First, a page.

Historical data and macro-economic estimates help to assess the size of these effects in various regions. In order to compare our results with those for fixed income, we also add an inflation component. This is derived from 10-year inflation swaps for developed markets and forecasts by the International Monetary Fund for emerging ones. Finally, we know from past experience that earnings margins can be highly volatile in any given year, and that in the long run, price-earnings ratios tend to be mean reverting. This is why we use a cyclically adjusted price-to-earnings (CAPE) ratio, popularized by Robert Shiller, to assess the likely valuation changes over a longer-term forecasting horizon.
Our resulting estimate of future returns on a 7-year to 10-year horizon is still well above yields on long-dated government bonds. From a global perspective, equities continue to offer the potential for a substantial positive risk premium. Expected returns for developed markets are relatively tightly clustered. Within emerging markets, Latin America might offer attractive rewards if currently depressed earnings and valuations were to revert back to historic means. Asia excluding Japan appears fairly valued and on track towards fairly substantial earnings growth.
Source: Multi Asset Group, Deutsche Asset Management Investment GmbH as of 11/30/17
* Not adjusted for underlying emerging-market local currency risks
The same methodology can also be applied to listed alternative investments, such as real estate investment trusts (REITs) or infrastructure companies. The return components are the same, only with different weightings. For example, REITs offer high dividend yields (around 4.0%), but almost no retained earnings; for legal reasons, they have to distribute their rental income. The annual resulting return assumptions are 5.8% for global REITs and 6.4% for global infrastructure.
For alternatives, we generally assess future returns by combining statistical analysis and our return projections for the traditional asset classes. For hedge funds, this means using a factor-based model in order to figure out key return drivers. We applied such a model to the database of Hedge Fund Research (HFR), which is the one most commonly used by practitioners. Our findings confirm that returns from different types of hedge-fund strategies vary, depending on broader financial market trends. This is why our return assumptions take into account the broader market context – the market regime, as it is commonly known. For example, periods of financial-market stress tend to be especially painful for certain equity strategies, while macro strategies proved fairly resilient. Based on our calculations, we expect a broad portfolio of hedge funds to generate returns of 2.7% per year over the long term. Another key finding is that there is a great deal of dispersion in returns, depending on both the strategy and the manager selected. Fund structures and fee arrangements also have a big impact. That said, we found that selectively adding hedge-fund investments can help diversify and adjust risk in multi-asset portfolios.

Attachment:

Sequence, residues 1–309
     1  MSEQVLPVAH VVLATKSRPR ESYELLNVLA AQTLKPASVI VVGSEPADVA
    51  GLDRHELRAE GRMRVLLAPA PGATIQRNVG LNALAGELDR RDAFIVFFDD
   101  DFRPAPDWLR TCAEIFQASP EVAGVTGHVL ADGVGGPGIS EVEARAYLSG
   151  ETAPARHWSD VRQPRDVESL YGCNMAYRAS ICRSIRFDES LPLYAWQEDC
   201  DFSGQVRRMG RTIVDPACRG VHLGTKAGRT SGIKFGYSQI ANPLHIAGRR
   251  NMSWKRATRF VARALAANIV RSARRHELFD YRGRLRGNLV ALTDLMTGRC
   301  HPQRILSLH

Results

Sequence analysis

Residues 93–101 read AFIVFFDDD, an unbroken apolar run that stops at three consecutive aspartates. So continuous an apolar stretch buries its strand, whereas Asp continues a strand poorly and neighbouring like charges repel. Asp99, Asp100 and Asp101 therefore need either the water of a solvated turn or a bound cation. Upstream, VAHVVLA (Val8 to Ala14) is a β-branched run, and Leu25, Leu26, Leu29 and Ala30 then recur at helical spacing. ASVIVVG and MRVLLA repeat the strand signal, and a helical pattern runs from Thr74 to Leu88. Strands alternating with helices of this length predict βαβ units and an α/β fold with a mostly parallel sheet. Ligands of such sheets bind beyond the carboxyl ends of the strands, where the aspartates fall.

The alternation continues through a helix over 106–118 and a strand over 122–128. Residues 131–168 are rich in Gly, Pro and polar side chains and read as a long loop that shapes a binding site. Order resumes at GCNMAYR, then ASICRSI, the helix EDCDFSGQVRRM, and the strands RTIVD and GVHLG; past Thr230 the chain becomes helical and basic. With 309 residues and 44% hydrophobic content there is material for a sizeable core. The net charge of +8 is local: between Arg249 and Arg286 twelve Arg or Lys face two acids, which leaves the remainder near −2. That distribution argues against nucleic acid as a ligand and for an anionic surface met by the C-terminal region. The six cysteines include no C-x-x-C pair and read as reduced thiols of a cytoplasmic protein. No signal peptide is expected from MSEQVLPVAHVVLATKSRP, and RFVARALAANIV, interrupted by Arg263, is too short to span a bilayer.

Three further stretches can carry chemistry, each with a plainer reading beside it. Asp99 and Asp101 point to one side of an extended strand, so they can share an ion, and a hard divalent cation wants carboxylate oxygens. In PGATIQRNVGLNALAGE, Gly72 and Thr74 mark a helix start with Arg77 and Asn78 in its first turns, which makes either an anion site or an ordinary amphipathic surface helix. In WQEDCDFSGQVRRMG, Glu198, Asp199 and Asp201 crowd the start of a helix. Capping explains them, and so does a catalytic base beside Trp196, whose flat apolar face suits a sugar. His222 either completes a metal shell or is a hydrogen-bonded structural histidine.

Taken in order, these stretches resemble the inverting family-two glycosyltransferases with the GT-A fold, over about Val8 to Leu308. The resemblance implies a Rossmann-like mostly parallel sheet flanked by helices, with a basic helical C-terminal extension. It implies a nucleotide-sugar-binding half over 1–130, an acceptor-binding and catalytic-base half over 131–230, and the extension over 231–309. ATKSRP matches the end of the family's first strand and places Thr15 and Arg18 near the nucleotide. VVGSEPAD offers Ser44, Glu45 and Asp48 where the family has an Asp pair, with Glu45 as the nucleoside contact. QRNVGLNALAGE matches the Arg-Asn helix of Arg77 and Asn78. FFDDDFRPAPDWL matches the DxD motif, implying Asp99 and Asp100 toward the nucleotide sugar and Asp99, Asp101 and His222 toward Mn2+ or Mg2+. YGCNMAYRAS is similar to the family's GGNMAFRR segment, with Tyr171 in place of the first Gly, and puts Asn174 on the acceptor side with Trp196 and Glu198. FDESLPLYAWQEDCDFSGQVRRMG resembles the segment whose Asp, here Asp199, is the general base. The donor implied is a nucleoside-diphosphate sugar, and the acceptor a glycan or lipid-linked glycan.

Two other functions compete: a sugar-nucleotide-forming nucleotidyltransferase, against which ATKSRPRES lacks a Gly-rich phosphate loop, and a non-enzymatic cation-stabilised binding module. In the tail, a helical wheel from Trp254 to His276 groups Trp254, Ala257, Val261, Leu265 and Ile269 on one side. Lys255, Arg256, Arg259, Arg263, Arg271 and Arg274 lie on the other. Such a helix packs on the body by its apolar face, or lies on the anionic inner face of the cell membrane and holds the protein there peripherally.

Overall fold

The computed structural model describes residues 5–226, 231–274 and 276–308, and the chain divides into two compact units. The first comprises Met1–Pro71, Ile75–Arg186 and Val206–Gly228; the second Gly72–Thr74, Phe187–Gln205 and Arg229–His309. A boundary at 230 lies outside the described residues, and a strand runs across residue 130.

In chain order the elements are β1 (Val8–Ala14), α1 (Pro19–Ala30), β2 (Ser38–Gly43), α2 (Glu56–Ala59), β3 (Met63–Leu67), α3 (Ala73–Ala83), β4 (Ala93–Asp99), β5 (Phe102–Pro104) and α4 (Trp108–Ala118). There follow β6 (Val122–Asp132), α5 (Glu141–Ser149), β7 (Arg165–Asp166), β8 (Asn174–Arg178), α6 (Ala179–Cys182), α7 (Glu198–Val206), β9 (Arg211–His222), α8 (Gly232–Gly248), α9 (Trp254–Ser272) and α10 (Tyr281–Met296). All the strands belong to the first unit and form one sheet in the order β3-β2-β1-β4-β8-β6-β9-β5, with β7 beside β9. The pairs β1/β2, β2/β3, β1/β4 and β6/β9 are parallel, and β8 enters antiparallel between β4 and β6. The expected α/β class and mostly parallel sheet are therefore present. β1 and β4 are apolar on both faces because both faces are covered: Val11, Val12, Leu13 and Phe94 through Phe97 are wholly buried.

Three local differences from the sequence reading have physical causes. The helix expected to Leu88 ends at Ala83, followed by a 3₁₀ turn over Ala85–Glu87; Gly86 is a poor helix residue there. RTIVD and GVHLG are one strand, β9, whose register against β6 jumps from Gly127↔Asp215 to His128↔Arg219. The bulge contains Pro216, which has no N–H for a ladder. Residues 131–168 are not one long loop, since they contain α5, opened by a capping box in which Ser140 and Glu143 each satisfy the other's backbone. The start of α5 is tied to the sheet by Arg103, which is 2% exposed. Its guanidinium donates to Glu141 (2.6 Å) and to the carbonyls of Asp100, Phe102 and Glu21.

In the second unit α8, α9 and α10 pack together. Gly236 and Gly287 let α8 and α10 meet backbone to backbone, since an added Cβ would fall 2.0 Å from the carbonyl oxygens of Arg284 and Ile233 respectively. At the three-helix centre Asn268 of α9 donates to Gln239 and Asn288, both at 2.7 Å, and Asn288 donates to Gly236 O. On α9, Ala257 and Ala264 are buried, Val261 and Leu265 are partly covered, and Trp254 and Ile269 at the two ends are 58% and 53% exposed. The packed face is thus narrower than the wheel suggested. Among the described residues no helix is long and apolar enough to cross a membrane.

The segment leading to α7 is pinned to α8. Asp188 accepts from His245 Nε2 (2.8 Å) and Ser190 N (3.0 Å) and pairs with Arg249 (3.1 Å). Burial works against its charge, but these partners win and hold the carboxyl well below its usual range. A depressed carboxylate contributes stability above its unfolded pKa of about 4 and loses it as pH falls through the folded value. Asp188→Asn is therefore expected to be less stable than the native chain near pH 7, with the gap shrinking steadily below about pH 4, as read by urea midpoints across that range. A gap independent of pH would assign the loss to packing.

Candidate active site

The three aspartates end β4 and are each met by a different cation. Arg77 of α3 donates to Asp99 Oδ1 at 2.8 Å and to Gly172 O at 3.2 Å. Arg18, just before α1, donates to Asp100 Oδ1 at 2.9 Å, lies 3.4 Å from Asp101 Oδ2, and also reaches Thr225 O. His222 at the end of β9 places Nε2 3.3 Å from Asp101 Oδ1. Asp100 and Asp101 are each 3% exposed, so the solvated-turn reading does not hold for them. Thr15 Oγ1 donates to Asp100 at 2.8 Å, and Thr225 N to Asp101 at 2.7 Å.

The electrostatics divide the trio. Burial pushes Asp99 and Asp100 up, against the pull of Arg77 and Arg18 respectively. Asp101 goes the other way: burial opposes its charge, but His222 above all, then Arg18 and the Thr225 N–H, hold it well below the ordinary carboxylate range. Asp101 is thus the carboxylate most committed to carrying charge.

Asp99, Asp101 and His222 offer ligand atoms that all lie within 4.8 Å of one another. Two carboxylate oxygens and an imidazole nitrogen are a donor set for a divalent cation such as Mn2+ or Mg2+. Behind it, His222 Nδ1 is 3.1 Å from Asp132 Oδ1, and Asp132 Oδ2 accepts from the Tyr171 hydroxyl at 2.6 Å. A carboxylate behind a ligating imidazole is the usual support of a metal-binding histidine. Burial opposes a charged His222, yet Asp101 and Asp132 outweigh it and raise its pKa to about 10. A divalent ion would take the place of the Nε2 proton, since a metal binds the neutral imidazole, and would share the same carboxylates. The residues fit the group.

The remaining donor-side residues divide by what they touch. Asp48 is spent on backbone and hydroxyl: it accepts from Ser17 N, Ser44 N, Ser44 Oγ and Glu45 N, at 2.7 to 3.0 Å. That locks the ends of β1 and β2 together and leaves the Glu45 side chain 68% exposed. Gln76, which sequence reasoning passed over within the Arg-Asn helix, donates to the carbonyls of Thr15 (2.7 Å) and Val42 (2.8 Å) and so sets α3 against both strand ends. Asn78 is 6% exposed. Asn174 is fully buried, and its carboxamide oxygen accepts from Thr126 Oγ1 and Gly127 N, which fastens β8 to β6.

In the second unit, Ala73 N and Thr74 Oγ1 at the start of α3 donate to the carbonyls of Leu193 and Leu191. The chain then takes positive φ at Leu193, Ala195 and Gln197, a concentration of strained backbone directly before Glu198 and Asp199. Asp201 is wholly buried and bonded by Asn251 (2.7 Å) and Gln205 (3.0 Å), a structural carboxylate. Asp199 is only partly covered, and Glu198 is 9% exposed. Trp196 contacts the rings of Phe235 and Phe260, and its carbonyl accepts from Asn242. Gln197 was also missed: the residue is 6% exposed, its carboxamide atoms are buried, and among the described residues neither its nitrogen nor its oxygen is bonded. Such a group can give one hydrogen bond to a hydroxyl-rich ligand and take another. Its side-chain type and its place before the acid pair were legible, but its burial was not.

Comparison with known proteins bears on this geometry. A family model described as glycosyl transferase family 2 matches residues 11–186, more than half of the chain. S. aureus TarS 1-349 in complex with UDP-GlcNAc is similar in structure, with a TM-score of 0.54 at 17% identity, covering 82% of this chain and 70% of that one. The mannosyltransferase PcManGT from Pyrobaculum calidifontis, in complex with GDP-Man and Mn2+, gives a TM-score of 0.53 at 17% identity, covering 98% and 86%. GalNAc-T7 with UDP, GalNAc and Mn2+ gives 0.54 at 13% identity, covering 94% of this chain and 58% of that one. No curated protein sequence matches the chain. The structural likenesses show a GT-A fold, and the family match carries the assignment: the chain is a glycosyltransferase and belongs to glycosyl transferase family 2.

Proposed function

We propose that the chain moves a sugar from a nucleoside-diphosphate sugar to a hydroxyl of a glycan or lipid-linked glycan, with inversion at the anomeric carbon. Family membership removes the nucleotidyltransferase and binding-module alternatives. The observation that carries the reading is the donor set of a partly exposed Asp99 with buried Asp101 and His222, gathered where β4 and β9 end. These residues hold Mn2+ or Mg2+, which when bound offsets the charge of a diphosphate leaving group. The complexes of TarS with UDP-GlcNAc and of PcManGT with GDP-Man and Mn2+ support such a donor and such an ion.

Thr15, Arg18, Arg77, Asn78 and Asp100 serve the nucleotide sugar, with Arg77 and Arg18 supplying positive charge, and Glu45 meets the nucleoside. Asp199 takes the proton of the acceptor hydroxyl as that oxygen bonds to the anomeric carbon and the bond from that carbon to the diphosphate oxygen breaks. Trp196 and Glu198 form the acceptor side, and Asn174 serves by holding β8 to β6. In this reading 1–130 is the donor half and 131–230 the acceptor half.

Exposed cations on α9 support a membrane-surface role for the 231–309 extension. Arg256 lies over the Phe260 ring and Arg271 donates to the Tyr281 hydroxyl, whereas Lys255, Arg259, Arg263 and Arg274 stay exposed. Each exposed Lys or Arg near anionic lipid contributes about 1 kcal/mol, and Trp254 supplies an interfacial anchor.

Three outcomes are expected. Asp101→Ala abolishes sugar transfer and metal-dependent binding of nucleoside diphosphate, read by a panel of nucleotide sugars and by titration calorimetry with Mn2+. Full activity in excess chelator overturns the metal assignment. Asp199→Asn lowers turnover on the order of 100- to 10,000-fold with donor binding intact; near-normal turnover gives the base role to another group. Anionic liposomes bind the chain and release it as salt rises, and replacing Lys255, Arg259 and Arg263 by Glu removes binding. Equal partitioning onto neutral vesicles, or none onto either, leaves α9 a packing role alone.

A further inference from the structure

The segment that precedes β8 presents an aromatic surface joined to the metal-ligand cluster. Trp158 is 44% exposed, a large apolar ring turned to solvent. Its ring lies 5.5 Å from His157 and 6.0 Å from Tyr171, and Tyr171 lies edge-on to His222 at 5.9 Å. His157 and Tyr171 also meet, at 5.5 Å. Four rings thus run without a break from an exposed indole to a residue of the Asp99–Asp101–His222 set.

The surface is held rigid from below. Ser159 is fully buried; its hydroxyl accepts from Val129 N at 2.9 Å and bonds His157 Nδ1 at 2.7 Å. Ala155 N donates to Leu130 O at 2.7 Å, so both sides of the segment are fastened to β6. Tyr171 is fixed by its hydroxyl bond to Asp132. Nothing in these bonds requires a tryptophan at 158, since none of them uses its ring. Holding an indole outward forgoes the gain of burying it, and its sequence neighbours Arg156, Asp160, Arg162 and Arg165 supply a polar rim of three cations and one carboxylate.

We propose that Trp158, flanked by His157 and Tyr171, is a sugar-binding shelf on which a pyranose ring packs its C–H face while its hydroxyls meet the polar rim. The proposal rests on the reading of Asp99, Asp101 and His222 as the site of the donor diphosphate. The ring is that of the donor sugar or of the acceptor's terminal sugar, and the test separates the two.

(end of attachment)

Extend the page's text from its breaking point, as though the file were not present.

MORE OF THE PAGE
In commodities, we currently expect a return of 3.6% per year in the long term. Investing in commodities means buying futures. This allows you to collect interest at the risk-free rate on the amount of your collateral. On top of that, we merely add our long-term expectations for U.S. inflation. This is a bit of simplification in several ways. On the one hand, our approach ignores the potential of real commodities prices to rise (for example due to growing scarcity) or to fall (due to productivity advances) over long periods of time. Effectively, it amounts to saying that real commodities prices will remain constant in the long run. On the other hand, it also assumes no gain our losses due to the shape of the futures curve. Whenever a futures contract expires, it needs to be replaced with a new one. This typically yields small gains, but can also cause substantial losses during periods of commodity-market turmoil. For example, Ilmanen (2011) show the decomposed returns for the S&P GSCI Index since 1969. They found the cumulative gains from 1970 onwards were fully cancelled out by losses from contracts expiring during the late 2000s. For this reason, we take a simplified approach in our long-term strategic asset allocation. For a tactical asset allocation with a shorter time horizon, other methods might be better suited.
For convertibles, we use an average of our equities and credit return assumptions, and adjust for currency hedging costs. Using a simple average appears appropriate, as a balanced strategy for convertibles targets an equity sensitivity around 50%. In total, we estimate the current long-term convertibles bonds return at 4.4%.
Finally, one alternative investment type worth highlighting are U.S. bank loans to highly leveraged companies. Nowadays, such loans tend to be broadly syndicated to a diverse group of institutional investors. The coupons for leveraged loans, unlike most other debt instruments in the U.S., are floating. Moreover, such loans are typically secured by the company’s physical assets (property, plant and equipment), resulting in attractive risk-adjusted returns. Our strategic return projection for leveraged loans of 5.4% is based on two transparent building blocks: our short-term U.S. Treasury bills and the long-term average loan spread over 3-month Treasury bills.
In recent years, investors have been forced to take more risk than they might have previously felt comfortable with. The methodological framework underpinning our long-run return assumptions helps explain why. Through quantitative easing (QE), central banks have pushed down yields on long-term government bonds, commonly used as a proxy for a country's risk-free rate. Partly as a result, constructing a portfolio with positive expected returns requires taking a lot more risk today, than in years gone by. In coming months, we plan to follow up on this analysis by providing additional details.